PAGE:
Just as an aside though, I assume that you mapped the cities yourself otherwise you, in a similar manner, as you said rather eloquently, is someone's bitch!

      8. Loyal Commenter Silver badge

        The brilliant thing about maps is how easy the updates are. All you need is pair of scissors and some sticky tape...

        1. vulture65537

          I actually knew someone who was saying in the last few years "This map cost me 35 shillings. I've drawn some of the new roads on it". He's recently died and he was a terrible passenger ("You can park over here." "No we can't cos that's residents only.").

      9. TRT Silver badge

        I use a map.

        Which means having a defined topology. Now I prefer to "hop" from "router" to "router". I know my destination, with varying degrees of precision, so I just head to the first local gateway node which puts me onto the correct physical connection, displaying a "local" route table, and pointing to the pathway where I can find another source of authority (e.g. The North, The South).

        1. Stevie

          Re: I use a map.

          Using known points of reference to trace a longer route is called "piloting", and is one of the two forms of navigation used since navigation was invented (the other one is called "dead reckoning" and is how ships discovered new places by crashing into them before the advent of the chronometer and an established meridian baseline against which to calibrate it).

          It has been around for centuries, and you've been doing it since you could walk. Neat, eh?

          No routers needed.

          1. TRT Silver badge

            Re: I use a map.

            Piloting still needs a list of waypoints for the entire journey, and needs a map that covers everything.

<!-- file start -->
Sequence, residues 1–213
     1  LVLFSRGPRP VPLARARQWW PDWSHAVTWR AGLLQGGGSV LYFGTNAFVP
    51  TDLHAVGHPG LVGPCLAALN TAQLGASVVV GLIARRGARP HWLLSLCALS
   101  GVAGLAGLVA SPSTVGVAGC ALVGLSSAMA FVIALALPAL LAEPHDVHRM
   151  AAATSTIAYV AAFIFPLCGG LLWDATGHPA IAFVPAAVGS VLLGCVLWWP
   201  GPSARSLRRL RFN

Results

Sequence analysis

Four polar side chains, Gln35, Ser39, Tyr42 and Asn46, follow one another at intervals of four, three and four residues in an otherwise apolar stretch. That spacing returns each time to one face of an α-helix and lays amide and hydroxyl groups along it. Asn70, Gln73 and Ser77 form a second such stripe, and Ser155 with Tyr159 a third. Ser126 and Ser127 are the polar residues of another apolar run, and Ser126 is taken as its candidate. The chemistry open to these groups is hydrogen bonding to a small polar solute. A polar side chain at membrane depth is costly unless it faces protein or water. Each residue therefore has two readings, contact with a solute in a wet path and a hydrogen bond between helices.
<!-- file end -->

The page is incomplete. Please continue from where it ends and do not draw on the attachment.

With a suitably formatted address, one could navigate the UK road network based on purely that alone. OK, finding your source of authority once you've reached locale of small suburb of town on the outskirts of city in the county/region means that you DO have to stop and ask someone for directions... and therein of course lies the problem. Who likes asking for directions?

            1. Stevie

              Re: Piloting still needs a list of waypoints

              We used to call those waypoints "road signs" when I used to drive all over the UK in search of work and drink.

              If you need an address that works always, you need (in the UK) an OS Map and the grid reference of where you are going. Or you could use Lat. and Long. and use a compass, sextant and chronometer (at which point I reckon the GPS is actually the better deal given the cost of a serviceable sextant and the cloud cover this time of year).

              For most car-accessible places you don't need such things. You takes your compass and do the longest bits by poor-man's dead reckoning (I'll drive south-west until I see something I know is near where I need to be) then pilot using terrain features pulled off the map until you are there.

              If you need an internet metaphor to do the job, no problem, it's your head you are working with.

              1. STOP_FORTH

                Re: Piloting still needs a list of waypoints

                You need to know your height above sea level to use a sextant for navigation. This works well at sea, in East Anglia and Somerset. Pretty useless elsewhere in UK.

      10. garrettahughes

        Hey adnim: I always backup my GPS with a map generated by Google. That way when the GPS tries to take the shortest route in Italy you are not trying to drive up or down a donkey trail in the mountains or an alley built to contain an invading enemy in the heart of a city. I own some real paper maps as well. It's fun to actually see the big picture.

      11. BillG

        Old Joke

        "I use a map."

        There's an old Joke: "How do you drive an engineer crazy? Tie them to a chair and force them to watch you fold a map the wrong way."

        Last week, for the very first time, I had to explain that joke to a young engineer that did not know what a fold-up street map was. When the zombie apocalypse comes he'll be staring teary-eyed at his dead GPS while us old farts have stolen enough fuel to drive to Sanctuary.

        1. TRT Silver badge

          Re: Old Joke

          You could still tie them to a chair and force them to watch you fold their smartphone up.